Things changed for Evadna not long after she showed her mother the raindrop. Her father greeted her less warmly whenever he returned home. During mealtime, he’d barely speak to her, hardly even glancing her way. If she tried to capture his attention, he’d either ignore her efforts, or stare at her with an awful expression on his beloved face. When he did that, Evadna wished he’d go back to ignoring her.
“Why does father hate me so?” she asked her mother one day.
Her mother looked at Evadna with a sad expression. “He doesn’t hate you, sweet. He loves you. He just doesn’t know what to make of you right now.”
“Make of me?” Evadna inquired, perplexed, but her mother shook her head at her without answering.
Things didn’t improve between Evadna and her father, however. And soon, her parents started fighting. Evadna would hear them yell at each other through the oaken walls. They wouldn’t shout in front of her. They’d take care to hash out their disagreements behind closed doors. Yet it was still enough for Evadna to cover her ears and hum to herself, so she wouldn’t have to hear.
The weather soon began reflecting the dark mood of their home. Clouds lingered stubbornly overhead, dark and droopy. Rain began to play an accompaniment to the shouting matches. Lightning and thunder would trouble their sleep. Evadna did not understand what she had to done to cause her happy home to fall apart. She felt sure somehow, she was to blame. Rack her brains as she might though, she could not figure out why.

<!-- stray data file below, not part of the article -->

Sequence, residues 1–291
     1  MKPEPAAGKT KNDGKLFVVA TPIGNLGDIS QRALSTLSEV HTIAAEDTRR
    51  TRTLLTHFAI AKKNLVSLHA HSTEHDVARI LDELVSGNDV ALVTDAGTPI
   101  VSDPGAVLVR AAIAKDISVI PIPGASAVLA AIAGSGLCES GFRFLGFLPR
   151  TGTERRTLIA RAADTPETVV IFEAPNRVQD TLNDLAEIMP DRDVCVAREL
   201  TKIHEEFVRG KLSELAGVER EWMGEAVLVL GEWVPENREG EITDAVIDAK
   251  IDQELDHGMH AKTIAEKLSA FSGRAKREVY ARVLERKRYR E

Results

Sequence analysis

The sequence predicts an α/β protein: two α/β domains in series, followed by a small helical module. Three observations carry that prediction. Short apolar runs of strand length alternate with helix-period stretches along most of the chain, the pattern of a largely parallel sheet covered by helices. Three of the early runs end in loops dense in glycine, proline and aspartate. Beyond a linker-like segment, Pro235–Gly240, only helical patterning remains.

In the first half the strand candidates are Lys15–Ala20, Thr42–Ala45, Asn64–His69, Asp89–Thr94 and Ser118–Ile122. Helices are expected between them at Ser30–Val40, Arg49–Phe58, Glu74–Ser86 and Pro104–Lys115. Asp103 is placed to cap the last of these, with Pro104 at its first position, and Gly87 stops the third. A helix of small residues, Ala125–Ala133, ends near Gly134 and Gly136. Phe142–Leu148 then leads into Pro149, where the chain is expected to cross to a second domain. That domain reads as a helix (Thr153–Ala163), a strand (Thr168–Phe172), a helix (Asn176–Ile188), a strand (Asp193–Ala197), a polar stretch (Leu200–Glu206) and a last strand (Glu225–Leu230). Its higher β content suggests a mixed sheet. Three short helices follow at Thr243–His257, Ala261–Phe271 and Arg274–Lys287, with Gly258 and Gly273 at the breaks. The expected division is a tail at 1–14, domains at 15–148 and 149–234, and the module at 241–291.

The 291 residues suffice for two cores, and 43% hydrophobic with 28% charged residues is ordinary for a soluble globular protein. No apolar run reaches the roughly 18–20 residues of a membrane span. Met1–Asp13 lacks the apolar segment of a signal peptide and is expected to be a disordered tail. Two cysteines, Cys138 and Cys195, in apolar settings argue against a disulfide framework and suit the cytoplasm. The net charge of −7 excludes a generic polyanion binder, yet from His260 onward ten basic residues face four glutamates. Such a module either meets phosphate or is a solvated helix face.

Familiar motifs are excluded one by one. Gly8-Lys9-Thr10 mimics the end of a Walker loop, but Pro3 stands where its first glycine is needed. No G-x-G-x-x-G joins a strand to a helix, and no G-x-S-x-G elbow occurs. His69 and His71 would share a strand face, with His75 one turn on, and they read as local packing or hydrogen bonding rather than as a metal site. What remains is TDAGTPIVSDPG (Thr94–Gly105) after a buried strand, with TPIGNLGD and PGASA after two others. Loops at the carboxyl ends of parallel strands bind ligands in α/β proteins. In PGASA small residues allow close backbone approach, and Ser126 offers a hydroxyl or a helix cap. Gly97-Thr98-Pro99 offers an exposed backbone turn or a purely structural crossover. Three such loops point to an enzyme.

It rained almost constantly the day Evadna’s mother was particularly weepy. She couldn’t look at Evadna without tears filling up her eyes and when Evadna tried to hug her, she’d hurry away, lock herself behind a door, and sob. Hurt and dejected, Evadna raced to the front door, determined to run away. She wasn’t wanted anymore. If she left, at least her parents would be happy again.
Evadna flung open the front door and came to a sudden stop. There was someone blocking the way. Someone in a long, dark cloak soaked from rain, their hand wrapped tightly around the knob of a finely crafted cane. The hand showed signs of age with its wrinkled skin and age spots, but there was strength too. Evadna’s eyes traveled up to peer beneath the hood of the person’s cloak. Keen, blue eyes stared back at her.
“Who are you?” she blurted, realizing only after that her question was rude. “I mean, won’t you come inside?”
The cloaked person silently followed Evadna in, watching her closely all the while. Feeling distinctly uncomfortable, but determined to be a good hostess, Evadna said, “Won’t you remove your cloak and come by the fire? Weather has been dismal lately.”
It was soon seen that the person was an old woman once her cloak was removed, with yards of white hair held loosely in a braid. A little relieved at this, Evadna led the old woman to a seat close to the fire.
“You warm yourself up there, madam. I’ll go fetch my mother.” Evadna paused on her way out. “Whom shall I tell her is calling?”
Those keen, blue eyes fixed themselves firmly on Evadna, making her feel unsettled all over again. “She’ll know who. But if you want a name, child, it’s Mallory.”